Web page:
You may record to a Duel Layers disk in SP mode and get 3 hours and 40 minutes....Not 2 hours.........

Hence the problem with not getting the best possible quality out of your DVD recorder......

You have been fooled already thinking 2 hour mode is good.

They don't really explain FR recordings to you...

1 hour and 30 minutes is kind of the cut off on a normal single layer disk. For ok Marco Blocking

That was the point I was trying to make....

I did digital tests of frames the other day in SP, FR 80 and XP mode...These were all digital recordings...You can really see a difference in the compression (what is a better word) I don't know...

What I saw was a lot more bleeding of image in SP were in XP mode it was kind of clean.....

Yea some of these Professional DVD's, do have Marco Blocking in the videos. A lot more than u would think also have audio & video out of sync.

Most of the professional VHS to DVD shops as spoken about in the other post issue their DVD's to 2 hour mode......

Maybe that is the simple question to start with, how much information of recoding time can you put on a DVD....Normally they will say 2 hours.....

Yea I still use 2 hour mode for digital recordings...sometimes...For VHS stuff, never the macro blocking is out of control bad......

If you are going to pay a shop to convert your VHS stuff, don't let them record or issue in 2 hour SP mode.....

Last edited by deter; 02-03-2011 at 05:11 AM.
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02-10-2011, 08:34 AM
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Quote:
Not really sure what you mean by myths.
Take no offense.

From how I read the other posts, it came across as if there was no way to create a DVD9 like "Hollywood" does, which seemed a bit .... I don't know .... off. Technically you can burn a dual-layer DVD+R DL (DVD9), although there are valid points to be made about source quality. For those who shoot their own DV home movies, using a good camera and good technique (tripod, steadycam, microphones, etc), then there's no reason their homemade DVDs can't be as good as something pressed and sold in a fancy case at the local Best Buy or Walmart.

Most of your points here are "spot on". Very astute and accurate observations.

Quote:
Lord Smurf, you have even said yourself that these machines have gone backwards....
Yes, very much so. Sadly so. The pinnacle of video capture/recording devices was easily late 2004 to late 2006. Each of them had a flaw, however, which could have been correct with a 2nd or 3rd generation of machines in 2007-2008, but it just never happened. Between cheapness ($100 max budgets), societal stupidity (inability to set a clock, much less control a DVD recorder), and the beginning of a worldwide recession that tanked so many companies, video gear is mostly junk in 2009-2011.

Quote:
You have no idea how many problems I see in 2 hour VHS to DVD recordings in SP mode done on a crapy recorder...
But the person recording doesn't know it is a crapy cause they don't know anything else....
I've observed this issue for many years now. In fact, I saw similar problems in the analog-only video era, where people were too stubborn to use a TBC between VCRs when copying tapes. Or worse, using those complete piece-of-crap "GoVideo" dual decks. But wait, there's more! Not just crappy equipment, but using the cheapest garbage RCA video tapes found for $1 or less apiece.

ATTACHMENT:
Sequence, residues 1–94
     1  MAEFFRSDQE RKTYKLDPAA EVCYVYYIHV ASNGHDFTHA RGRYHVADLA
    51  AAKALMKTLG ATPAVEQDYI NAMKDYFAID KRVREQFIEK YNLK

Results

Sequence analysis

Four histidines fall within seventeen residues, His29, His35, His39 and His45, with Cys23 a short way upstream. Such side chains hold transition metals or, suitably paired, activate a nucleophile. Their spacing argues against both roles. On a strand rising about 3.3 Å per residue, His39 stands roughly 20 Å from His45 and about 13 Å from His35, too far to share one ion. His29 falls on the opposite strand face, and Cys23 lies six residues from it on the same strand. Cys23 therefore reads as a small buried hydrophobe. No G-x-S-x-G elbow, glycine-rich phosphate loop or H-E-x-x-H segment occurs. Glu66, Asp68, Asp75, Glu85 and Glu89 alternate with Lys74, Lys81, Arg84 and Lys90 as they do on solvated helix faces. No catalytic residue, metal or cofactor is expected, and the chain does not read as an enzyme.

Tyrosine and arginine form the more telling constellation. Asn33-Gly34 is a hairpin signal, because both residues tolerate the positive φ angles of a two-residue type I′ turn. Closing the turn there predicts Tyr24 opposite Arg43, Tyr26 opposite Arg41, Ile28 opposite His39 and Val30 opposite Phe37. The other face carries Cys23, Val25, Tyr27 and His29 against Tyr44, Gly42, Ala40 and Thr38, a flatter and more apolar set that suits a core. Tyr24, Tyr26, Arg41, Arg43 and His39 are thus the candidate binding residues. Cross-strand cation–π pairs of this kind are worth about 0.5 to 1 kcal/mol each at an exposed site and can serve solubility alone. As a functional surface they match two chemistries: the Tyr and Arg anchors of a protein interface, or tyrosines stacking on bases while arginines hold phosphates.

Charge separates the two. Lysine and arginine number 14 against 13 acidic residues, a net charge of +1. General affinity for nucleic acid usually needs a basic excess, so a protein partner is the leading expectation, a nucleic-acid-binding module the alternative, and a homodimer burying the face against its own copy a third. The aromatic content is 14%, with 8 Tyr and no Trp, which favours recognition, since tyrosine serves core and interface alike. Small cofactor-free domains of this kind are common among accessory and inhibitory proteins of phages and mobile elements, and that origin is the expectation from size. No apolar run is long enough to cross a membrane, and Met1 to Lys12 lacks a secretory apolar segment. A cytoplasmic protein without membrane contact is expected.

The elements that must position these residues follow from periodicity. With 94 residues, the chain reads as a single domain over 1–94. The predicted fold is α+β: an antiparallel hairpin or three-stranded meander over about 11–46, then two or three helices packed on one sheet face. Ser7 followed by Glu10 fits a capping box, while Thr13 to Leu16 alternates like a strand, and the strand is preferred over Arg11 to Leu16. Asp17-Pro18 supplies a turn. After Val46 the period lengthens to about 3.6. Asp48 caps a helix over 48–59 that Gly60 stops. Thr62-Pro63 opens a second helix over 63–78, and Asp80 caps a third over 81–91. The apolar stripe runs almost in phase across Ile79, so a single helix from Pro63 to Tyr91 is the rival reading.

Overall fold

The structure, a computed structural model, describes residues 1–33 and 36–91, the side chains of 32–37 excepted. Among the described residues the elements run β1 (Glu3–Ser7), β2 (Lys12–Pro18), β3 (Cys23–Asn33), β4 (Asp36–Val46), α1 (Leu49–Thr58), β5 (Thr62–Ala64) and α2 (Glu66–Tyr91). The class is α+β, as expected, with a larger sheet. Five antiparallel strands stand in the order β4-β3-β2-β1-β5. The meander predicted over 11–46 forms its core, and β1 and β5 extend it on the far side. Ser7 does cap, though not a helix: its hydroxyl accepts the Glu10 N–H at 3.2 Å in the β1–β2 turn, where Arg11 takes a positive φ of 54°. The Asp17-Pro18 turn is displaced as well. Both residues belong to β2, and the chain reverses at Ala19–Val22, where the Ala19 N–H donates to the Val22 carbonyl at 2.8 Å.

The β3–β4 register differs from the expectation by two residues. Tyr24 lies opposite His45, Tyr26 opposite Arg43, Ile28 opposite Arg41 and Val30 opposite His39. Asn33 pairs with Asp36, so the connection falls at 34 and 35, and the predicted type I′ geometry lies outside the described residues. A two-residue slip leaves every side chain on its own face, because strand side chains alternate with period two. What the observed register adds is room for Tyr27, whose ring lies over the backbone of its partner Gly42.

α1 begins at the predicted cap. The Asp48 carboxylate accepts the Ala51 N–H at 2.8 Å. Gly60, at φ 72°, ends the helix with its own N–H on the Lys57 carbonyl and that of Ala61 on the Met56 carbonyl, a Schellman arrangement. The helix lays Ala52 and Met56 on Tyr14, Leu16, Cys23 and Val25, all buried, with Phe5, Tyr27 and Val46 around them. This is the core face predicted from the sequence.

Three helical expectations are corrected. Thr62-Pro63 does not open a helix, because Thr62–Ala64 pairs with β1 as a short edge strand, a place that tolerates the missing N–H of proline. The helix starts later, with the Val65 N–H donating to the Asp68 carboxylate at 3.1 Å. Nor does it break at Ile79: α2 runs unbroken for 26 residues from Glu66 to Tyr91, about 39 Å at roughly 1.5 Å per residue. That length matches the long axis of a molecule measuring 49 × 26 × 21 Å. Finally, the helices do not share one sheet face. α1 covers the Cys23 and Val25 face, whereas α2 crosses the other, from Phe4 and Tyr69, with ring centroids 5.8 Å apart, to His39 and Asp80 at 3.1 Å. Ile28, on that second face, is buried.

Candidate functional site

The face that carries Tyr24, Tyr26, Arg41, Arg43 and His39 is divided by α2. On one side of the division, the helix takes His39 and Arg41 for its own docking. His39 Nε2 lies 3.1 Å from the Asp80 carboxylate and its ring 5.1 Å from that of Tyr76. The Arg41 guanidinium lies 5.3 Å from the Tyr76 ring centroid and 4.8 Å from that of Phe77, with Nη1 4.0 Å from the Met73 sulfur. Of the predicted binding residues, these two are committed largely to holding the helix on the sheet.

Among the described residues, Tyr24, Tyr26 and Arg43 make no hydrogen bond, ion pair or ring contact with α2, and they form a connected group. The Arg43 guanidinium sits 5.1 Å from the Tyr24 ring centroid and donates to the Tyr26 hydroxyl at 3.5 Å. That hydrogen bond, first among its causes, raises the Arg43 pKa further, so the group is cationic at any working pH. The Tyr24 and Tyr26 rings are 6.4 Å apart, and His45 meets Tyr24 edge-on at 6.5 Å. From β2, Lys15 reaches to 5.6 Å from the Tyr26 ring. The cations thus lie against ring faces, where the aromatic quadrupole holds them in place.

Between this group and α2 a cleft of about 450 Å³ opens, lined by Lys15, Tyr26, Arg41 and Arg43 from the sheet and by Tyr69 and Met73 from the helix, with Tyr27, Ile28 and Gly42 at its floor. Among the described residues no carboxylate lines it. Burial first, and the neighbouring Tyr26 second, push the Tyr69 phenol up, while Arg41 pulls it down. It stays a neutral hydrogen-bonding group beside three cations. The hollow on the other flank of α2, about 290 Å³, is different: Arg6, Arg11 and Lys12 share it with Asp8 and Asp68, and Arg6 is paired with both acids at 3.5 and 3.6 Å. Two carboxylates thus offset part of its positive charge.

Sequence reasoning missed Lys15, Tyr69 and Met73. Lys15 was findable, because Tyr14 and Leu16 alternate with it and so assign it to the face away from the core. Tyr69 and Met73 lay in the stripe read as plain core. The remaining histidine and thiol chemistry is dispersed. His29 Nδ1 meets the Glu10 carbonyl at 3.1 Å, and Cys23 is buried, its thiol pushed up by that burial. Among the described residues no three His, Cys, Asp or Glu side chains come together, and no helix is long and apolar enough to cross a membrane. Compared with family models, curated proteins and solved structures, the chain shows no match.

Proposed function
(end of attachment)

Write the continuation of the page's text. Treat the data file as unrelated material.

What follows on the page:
And the person, who you'd swear should have some ounce of intelligence and is clearly not blind, actually thinks this soft + blurry, noisy (chroma + grain), vibrating/shaky picture is "good" or "good enough" (a phrase that roughly translates to "I know it's crap but I refuse to acknowledge it").

Quote:
You have been fooled already thinking 2 hour mode is good.
Yes, many have been fooled into thinking "SP mode" (2-hour recording) is good. Or to go even deeper, than there even is an "SP mode" for digital video (DVD burning). I wrote this post back in mid 2009: Is SP MODE the Best DVD Recorder Mode? (NO!) because I became more and more disgusted by some of the horrible advice I was seeing given out on other "video help" and "TV collector" and "tech support" sites.

Quote:
I did digital tests of frames the other day in SP, FR 80 and XP mode...These were all digital recordings...You can really see a difference in the compression (what is a better word) I don't know...
Compression is the accurate term.

Quote:
Most of the professional VHS to DVD shops as spoken about in the other post issue their DVD's to 2 hour mode......
These aren't professionals. Be sure you read this: How to Tell That a Media "Professional" is a Clueless Twit. I can both anger AND make these sorts of folks feel stupid in about 10 sentences. (Angry because they've been "caught" as an amateur pretending to be a pro, not because I said anything inflammatory.)

While many of us do use DVD recorders for certain projects, because of the features unique to those units, few professionals (none?) ever use the term "mode" when discussing the project. We talk in terms of bitrates, bandwidth, resolutions, etc -- not these fake "modes" on a DVD recorder.

Quote:
Yea I still use 2 hour mode for digital recordings...sometimes...
I do this when I treat my living room DVD recorder like a PVR for 16:9 TV. I'll watch and erase, so no need for the best "mode" (XP 720x480 @ 7.0mb/s).


.................................................. ...........

Talking with fellow TV hobbyists is fun. Granted, we're "preaching to the choir" here, between ourselves. But seeing how this is a public conversation, others will hopefully learn from our discourse. That's why I even bother to participate anywhere online. I can discuss stuff with others, and then it's available for others to learn from.

Good stuff.